Just gathering your results is not enough to create a systematic review of the literature. The next step is to begin analysing the results. There are a number of ways to do this, but it will often include categorising the themes within the research you find, so that you can identify the key areas that are being discussed (and also identify any gaps in the literature).
We have listed some tools you may wish to use to analyse results below.
CASP offers a set of 8 critical appraisal tools which can be used for analysing research. The include tools for systematic reviews, randomised controlled trials and qualitative studies:
The Critical Appraisal Skills Programme at the Centre for Evidence Based Medicine in Oxford has produced a number of appraisal tools for use when appraising different types of study.
You can find a number of useful guides at http://www.cebm.net/critical-appraisal/.
The International Centre for Allied Health Evidence at the University of South Australia collates links to a number of Critical Appraisal tools at http://www.unisa.edu.au/Research/Sansom-Institute-for-Health-Research/Research-at-the-Sansom/Research-Concentrations/Allied-Health-Evidence/Resources/CAT/.
The British Medical Journal has produced a series of articles on how to read different types of research papers at http://www.bmj.com/content/315/7109/672.full.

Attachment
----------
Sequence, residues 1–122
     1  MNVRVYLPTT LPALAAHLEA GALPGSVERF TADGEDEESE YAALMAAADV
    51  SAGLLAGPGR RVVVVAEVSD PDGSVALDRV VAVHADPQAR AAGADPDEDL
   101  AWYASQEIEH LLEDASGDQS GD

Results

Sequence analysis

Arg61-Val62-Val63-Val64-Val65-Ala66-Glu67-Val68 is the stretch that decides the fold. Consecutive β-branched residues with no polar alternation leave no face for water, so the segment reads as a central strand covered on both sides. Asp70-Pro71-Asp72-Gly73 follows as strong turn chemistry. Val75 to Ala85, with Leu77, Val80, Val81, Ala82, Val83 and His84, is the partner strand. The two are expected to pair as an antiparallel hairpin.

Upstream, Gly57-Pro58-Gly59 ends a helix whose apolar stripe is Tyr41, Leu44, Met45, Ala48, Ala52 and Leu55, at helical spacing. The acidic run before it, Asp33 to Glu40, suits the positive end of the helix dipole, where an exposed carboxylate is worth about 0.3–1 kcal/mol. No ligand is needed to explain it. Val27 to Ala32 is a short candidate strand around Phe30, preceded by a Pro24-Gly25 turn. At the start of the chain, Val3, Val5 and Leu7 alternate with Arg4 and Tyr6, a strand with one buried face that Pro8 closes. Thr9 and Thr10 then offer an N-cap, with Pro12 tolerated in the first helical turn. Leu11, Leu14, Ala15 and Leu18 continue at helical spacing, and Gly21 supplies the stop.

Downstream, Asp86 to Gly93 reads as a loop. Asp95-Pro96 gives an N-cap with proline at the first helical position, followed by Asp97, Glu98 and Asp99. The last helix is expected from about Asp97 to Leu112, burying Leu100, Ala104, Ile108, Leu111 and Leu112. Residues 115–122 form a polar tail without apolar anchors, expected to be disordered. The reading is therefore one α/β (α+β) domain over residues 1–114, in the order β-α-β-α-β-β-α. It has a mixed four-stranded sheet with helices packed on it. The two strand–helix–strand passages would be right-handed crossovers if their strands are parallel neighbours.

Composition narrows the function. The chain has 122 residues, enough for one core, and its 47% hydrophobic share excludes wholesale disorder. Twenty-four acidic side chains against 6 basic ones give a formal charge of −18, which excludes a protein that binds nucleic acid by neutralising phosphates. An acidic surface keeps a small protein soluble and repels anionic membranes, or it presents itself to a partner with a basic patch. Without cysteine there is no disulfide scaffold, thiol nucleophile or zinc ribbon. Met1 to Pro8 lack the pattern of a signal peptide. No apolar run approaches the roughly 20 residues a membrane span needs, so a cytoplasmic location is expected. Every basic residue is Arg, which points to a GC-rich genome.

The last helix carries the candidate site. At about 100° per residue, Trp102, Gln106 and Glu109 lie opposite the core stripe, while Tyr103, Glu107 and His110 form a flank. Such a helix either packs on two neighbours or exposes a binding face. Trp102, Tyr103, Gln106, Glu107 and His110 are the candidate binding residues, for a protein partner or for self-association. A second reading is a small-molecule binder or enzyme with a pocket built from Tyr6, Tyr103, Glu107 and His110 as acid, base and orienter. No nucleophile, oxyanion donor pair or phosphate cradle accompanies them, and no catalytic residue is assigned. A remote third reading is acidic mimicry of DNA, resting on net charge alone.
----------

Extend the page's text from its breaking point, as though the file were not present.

SAGE Research Methods is a research methods tool created to help researchers, faculty and students with their research projects. Researchers can explore methods concepts to help them design research projects, understand particular methods or identify a new method, conduct their research, and write up their findings. Since SAGE Research Methods focuses on methodology rather than disciplines, it can be used across the social sciences, health sciences, and more.
Online help is available from within SAGE Research Methods; there is also a dedicated LibGuide produced by SAGE itself:
There are a number of software solutions available for data collection and analysis, including literature. More information is available at http://www2.hull.ac.uk/lli/skills-development/idl/datacollectanalysis.aspx.